Nowadays, most infrared ear thermometers employ an infrared detector, which has a thermopile chip and a thermistor packed in a same metal can and mounted on the same base plate. The purpose of this kind of arrangement is to keep the thermistor tracking the cold junction temperature of the thermopile chip. Inasmuch as the thermal time constat of the thermistor is different from that of the thermopile chip, it is easy to introduce measurement erros if the thermometer is in a dynamic environment where temperature may vary greatly along with time.

U.S. Pat. No. 4,895,164 discloses a probe assembly with a waveguide and an infrared detector being held in an isothermal state at ambient temperature by a heat conducting block. The drawback of this approch is that a substantially large heat conducting block is required. In addition, an isothermal condition is not necessary in the design of a probe assembly. Since the surfaces of most waveguides are coated with a layer of gold, which has very high reflectivity and very low emissivity, even though a temperature difference exists between the infrared detector and the waveguide, the infrared detector assembly receives little thermal radiation emitted from the inner wall of the waveguide.

U.S. Pat. No. 6,152,595 discloses a probe assembly comprising a radiation sensor (thermopile), a waveguide and a thermal coupling arrangement. As we can understand according to Stefan-Boltzman's law, a probe assembly is impossible to be made without a contact temperature sensor (thermistor) detecting the cold juction temperature of the thermopile chip. Without considering the difference of the thermal time constants between the thermopile sensor and the thermistor, measurement erros will inevitably occur when the thermometer is in a dynamic environment. Furthermore, the thermal coupling arrangement comprising fives parts will complicate the assembly process.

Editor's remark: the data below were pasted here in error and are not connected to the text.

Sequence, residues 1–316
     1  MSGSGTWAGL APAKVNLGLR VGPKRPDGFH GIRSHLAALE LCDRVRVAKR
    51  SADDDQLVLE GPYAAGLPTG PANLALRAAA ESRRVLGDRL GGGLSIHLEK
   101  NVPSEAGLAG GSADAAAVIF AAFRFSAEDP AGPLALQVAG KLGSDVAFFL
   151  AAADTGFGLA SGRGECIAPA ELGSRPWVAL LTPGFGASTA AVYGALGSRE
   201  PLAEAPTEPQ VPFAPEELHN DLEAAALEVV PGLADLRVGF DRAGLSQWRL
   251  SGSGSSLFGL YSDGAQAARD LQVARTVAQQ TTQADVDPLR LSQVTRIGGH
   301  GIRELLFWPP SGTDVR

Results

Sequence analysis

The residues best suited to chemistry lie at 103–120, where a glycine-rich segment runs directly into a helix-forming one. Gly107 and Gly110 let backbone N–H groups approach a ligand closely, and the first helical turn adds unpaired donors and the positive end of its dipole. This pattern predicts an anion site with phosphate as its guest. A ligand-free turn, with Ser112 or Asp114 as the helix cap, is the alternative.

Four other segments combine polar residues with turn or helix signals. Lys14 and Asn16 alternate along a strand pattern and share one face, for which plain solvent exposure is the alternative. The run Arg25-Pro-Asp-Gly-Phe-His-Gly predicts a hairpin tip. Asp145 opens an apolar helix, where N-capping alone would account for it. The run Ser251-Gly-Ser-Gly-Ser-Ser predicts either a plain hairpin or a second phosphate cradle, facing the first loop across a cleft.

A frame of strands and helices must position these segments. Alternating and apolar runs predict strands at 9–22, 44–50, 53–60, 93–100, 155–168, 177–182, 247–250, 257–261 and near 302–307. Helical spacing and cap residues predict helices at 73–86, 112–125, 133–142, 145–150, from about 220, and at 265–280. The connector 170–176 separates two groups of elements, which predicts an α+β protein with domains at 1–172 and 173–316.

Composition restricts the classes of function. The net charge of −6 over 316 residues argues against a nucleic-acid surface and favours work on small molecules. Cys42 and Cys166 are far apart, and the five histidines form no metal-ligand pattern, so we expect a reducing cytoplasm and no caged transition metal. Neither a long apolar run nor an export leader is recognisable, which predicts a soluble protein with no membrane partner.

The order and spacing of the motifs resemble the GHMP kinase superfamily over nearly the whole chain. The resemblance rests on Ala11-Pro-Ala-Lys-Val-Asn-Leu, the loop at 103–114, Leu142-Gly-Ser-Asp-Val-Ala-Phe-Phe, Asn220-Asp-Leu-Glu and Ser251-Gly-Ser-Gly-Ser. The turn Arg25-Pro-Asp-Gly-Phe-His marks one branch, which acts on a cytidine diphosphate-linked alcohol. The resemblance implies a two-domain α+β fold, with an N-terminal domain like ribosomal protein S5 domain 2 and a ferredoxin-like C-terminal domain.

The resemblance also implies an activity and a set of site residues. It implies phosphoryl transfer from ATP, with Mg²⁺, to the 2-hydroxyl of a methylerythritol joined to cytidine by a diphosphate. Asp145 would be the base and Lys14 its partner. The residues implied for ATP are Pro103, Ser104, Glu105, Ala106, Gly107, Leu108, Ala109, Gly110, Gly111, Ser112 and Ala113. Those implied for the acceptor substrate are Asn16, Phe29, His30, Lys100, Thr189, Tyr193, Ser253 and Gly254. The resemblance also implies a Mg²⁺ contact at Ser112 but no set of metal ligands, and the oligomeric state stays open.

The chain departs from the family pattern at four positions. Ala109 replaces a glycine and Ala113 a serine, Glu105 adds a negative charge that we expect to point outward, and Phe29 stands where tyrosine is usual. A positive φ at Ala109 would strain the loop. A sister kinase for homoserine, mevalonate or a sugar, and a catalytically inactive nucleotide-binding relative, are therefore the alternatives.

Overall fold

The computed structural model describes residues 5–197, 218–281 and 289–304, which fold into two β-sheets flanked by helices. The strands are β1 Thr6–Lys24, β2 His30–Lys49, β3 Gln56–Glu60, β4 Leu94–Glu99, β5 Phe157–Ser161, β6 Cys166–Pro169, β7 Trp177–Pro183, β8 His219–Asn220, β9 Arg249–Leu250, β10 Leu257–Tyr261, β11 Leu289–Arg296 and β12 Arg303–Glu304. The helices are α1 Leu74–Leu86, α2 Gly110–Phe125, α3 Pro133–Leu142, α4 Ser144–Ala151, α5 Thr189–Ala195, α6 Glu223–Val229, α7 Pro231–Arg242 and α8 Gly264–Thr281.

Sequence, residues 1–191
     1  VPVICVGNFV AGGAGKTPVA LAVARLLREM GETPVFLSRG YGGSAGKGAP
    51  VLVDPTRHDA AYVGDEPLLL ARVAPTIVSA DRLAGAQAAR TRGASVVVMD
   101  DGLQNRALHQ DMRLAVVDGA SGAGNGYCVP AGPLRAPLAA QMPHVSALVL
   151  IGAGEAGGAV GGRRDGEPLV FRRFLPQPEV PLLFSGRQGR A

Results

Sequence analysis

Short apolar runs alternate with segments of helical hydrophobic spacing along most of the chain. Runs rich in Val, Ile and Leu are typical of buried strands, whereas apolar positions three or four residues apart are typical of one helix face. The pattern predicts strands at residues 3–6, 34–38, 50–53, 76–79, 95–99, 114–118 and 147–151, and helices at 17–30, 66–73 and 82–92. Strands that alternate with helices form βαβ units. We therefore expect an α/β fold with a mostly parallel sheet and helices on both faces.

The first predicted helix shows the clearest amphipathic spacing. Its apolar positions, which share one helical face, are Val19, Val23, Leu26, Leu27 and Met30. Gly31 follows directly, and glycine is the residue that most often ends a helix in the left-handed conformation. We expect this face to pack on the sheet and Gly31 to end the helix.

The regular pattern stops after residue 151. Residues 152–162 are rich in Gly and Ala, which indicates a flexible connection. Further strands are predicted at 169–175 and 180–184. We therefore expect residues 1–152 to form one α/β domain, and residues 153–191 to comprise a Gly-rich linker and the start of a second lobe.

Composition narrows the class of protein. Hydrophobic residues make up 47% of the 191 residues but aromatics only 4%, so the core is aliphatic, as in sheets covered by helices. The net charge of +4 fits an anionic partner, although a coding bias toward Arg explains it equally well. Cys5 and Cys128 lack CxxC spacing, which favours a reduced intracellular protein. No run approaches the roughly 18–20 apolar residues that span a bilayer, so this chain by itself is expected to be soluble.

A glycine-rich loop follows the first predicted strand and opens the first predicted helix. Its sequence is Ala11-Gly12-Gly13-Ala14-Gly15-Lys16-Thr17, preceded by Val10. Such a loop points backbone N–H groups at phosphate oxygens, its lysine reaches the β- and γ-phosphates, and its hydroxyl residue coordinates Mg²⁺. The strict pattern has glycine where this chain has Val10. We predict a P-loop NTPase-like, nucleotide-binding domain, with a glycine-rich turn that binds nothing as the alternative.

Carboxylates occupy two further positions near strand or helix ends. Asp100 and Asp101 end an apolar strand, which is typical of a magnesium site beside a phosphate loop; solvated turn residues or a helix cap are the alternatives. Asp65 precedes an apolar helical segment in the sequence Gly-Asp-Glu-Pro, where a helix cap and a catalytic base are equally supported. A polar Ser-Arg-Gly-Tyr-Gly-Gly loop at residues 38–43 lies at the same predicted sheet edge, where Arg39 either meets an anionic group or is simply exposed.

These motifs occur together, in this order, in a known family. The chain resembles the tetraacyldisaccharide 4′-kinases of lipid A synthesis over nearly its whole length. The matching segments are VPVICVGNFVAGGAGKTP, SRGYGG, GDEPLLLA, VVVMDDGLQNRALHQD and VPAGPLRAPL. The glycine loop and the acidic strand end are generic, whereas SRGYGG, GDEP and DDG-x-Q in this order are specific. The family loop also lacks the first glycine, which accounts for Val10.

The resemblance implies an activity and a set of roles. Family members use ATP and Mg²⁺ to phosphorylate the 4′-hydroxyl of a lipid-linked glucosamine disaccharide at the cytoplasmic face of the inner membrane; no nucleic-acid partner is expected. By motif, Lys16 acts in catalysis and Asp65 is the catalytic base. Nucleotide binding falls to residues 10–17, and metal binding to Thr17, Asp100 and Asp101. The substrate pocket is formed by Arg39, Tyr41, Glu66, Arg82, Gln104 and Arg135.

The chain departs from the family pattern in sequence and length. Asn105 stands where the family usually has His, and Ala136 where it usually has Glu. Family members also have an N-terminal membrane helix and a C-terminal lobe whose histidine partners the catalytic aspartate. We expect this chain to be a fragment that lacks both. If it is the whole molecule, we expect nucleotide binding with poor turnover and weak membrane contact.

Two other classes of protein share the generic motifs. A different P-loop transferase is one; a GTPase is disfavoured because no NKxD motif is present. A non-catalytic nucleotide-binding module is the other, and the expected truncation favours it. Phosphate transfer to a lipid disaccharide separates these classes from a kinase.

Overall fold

FIG. 1 shows prior art probe 10 of an infrared thermometer, which comprises waveguide 11, heat conducting block 12 and infrared (IR) detector assembly 13. FIG. 2 shows the schematic diagram of IR detector assembly 13, which comprises metal can 21, IR filter 22, thermopile chip 23, thermistor 24, base plate 25 and leads 26. The thermal radiation directed by and through waveguide 11 first passes through IR filter 22 and is then detected by thermopile chip 23, and the temperature of the cold junction of thermopile chip 23 is represented by the temperature of thermistor 24, wherein thermistor 24 and thermopile chip 23 are placed on base plate 25.

The infrared thermometer calculates the temperature Ts of a target object according to Stefan Boltzman's Law, as shown in equation (1):

Ts(t)=(Q(t)/KC+Ttp 4(t))1/4  (1)

wherein Ttp represents the cold junction temperature of thermopile chip 23, Q represents the response of thermopile chip 23 to a thermal radiation source, KC represents a calibration coefficient. However, the cold junction temfperature Ttp of thermopile chip 23 is obtained by monitoring the temperatue of thermistor 24. Therefore, the temperature Ts′ of the target object calculated by the infrared thermometer is shown in equation (2),

Ts′(t)=((Q(t)+ΔQ(t))/KC+Tth 4(t))1/4  (2)

wherein Tth represents the temperature measured by thermistor 24, Q represents the response of thermopile chip 23 to a thermal radiation source, ΔQ represents the response of the thermopile chip 23 to waveguide 11 and ΔQ can be expressed by equation (3),

ΔQ=(Twg 4(t)−Ttp 4(t))×∈W ×C W  (3)